By Ross Pomeroy for RealClearScience
During the Holocaust, the twisted “ethics” of the Nazi Party produced horrendous medical experiments. When the ethos of German physicians changed from focusing on the health of the individual to the collective health of society, terrible things could be justified at the expense of “undesirable” individuals, as long as such actions promoted the well-being of everyone else.
It was under this perverted mindset, seduced by the allure of unlimited funding and resources, that Nazi scientists conducted all manner of torturous experiments on unwilling human subjects, mainly in concentration camps. As a result, more than 15,000 people died and 400,000 others were left scarred, barren or crippled.
The final result of this horrific episode in medical history was the Nuremberg Code, a set of ten rules created in the wake of the “Doctors Trial” in Nuremberg, Germany, to ensure that experiments on humans are conducted ethically. .
One of the stated principles of the Code is to receive the participants’ voluntary consent, avoid unnecessary suffering, and allow subjects to end an experiment whenever they want.
Although the scientific atrocities of the Nazis are decades away, we must not forget them, lest they be repeated in one semblance of another. Here are five of the Nazis’ most horrific medical experiments:
1. Injuring subjects to test drugs.
Nazi doctors would regularly inflict battlefield-like wounds on participants without anesthetic to test the effectiveness of various compounds intended to suppress infections and promote healing. They often also applied bacteria to the wounds or rubbed ground glass or wood shavings. As one survivor recalled:
“They made a cut, about 10 centimeters long and 2 centimeters wide, on my arm above the palm of my hand. Today I understand that the surgery performed on me without anesthesia was intentionally done with tools that had not been sterilized to cause infection. At the time, they kept changing the bandages with different medicated creams and liquids. The bandage was not wrapped around the arm, but only covered the wound. Every day they examined the cut and every time the cut was about to heal, they opened it up again and started from scratch.”
2. Amputation and Transplantation Experiments.
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In particularly naive and heartless experiments, scientists at Ravensbruck concentration camp cut off the limbs of inmates — again without anesthesia — to see if those limbs could be easily transplanted onto others, presumably in hopes of providing wounded Nazi soldiers with replacement appendages. . The experiments were not successful.
3. High Altitude Research.
Nazi SS doctor Sigmund Rascher devised one of the most murderous experiments. He and members of the Luftwaffe Medical Service placed more than 200 inmates from Dachau concentration camp one at a time in a low-pressure chamber to simulate the effects of high altitudes on humans. high in the air.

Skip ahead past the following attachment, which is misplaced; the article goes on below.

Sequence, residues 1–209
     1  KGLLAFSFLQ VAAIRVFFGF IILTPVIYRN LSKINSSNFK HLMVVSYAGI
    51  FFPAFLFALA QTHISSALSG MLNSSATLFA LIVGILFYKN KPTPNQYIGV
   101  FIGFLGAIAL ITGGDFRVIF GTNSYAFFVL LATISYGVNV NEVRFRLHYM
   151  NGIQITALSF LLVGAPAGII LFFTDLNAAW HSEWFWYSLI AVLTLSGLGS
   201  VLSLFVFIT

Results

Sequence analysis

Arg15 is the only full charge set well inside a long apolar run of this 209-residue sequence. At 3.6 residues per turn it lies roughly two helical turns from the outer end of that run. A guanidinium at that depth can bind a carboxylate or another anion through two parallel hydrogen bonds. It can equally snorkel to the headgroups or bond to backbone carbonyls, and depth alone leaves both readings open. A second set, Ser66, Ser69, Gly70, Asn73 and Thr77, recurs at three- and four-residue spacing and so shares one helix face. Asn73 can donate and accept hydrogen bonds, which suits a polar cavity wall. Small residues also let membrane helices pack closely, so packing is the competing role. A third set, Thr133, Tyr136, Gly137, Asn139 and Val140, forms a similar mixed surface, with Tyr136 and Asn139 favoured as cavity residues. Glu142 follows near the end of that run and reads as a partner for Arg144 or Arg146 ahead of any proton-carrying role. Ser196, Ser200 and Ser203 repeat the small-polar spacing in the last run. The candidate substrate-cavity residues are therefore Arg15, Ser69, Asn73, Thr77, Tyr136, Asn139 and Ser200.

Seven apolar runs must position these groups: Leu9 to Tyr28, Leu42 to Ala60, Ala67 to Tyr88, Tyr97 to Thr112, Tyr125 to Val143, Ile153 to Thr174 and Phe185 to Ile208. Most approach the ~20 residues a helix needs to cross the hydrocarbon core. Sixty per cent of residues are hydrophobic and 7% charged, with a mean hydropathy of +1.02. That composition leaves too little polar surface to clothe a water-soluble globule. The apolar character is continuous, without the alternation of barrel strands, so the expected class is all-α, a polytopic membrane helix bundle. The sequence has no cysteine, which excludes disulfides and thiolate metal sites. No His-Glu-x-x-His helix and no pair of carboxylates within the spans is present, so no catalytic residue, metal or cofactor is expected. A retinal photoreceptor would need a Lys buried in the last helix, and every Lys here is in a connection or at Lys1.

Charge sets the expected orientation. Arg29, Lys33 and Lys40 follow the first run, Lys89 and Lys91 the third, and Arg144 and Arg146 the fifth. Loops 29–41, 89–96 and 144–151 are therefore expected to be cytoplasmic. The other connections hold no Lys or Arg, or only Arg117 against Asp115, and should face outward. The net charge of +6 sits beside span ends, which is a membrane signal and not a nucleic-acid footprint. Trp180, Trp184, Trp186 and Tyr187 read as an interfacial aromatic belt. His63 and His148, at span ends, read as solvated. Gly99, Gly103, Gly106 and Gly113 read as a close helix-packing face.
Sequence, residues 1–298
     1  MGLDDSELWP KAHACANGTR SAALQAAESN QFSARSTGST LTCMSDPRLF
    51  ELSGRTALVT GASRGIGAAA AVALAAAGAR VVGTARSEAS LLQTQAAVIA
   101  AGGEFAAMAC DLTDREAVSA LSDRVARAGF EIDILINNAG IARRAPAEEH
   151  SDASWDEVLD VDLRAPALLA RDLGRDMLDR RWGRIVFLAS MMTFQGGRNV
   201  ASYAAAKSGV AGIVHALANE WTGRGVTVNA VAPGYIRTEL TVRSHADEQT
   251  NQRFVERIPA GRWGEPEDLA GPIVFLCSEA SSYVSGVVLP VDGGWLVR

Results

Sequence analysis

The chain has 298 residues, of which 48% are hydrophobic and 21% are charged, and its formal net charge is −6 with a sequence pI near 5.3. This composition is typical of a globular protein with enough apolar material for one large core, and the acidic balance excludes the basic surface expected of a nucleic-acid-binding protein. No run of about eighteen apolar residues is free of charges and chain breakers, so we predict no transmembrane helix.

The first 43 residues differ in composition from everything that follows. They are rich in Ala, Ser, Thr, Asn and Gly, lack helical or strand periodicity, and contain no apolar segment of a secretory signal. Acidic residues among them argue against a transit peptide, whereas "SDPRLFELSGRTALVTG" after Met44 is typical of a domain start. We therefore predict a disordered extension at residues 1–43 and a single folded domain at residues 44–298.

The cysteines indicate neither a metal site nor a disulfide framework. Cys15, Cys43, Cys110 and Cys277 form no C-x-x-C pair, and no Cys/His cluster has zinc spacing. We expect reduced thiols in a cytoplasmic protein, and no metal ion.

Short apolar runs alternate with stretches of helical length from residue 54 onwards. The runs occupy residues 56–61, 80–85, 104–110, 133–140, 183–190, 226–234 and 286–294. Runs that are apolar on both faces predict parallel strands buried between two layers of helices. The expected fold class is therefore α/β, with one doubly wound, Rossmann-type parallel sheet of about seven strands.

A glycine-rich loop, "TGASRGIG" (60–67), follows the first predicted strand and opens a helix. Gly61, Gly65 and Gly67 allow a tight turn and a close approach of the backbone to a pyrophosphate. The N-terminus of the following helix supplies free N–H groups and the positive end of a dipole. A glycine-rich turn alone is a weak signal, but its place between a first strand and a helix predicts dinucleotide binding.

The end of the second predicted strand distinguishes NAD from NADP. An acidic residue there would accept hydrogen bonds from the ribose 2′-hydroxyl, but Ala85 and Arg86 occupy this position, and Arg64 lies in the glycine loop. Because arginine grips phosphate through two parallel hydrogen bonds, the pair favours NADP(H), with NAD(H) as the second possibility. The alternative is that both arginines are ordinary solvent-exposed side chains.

Eighty subjects died of oxygen deprivation and altitude sickness, and the rest were murdered so that autopsies could be performed. It is rumored that Rascher occasionally dissected the brains of prisoners while subjects were still alive to directly observe the immediate effects of high altitude on the organ.
4. Survival on sea water.
Also in Dachau, doctor Hans Eppinger conducted experiments to see if people could survive six to 12 days by drinking only seawater. Ninety people were deprived of food and forced to endure the process. Most were seriously injured from dehydration and starvation at the study’s conclusion. Why can’t people survive drinking seawater?
According to NOAA, “Human kidneys can only make urine that is less salty than salt water. Therefore, you have to urinate more water than you have drunk to get rid of all the excess salt that you have ingested from drinking seawater. You will eventually die from it.” dehydration, even as you get thirstier.”
5. Freezing experiments.
Perhaps the most infamous experiment investigated hypothermia. Rascher and others wanted to find the best method of treating Nazi soldiers who had been left in icy water or exposed to extreme winter cold.
For example, about 300 prisoners in Dachau were immersed for hours in ice baths or left naked in the freezing cold. When their bodies reached the astonishingly low temperature of about 80 degrees Fahrenheit, Nazi doctors tried to resuscitate them in a variety of ways, from warm sleeping bags to flaming baths, to sun lamps, to even sex (yes, sex).
About a third of the subjects died. Nazi doctors determined that heating people in hot water saved the most lives.
Syndicated with permission from RealClearWire.
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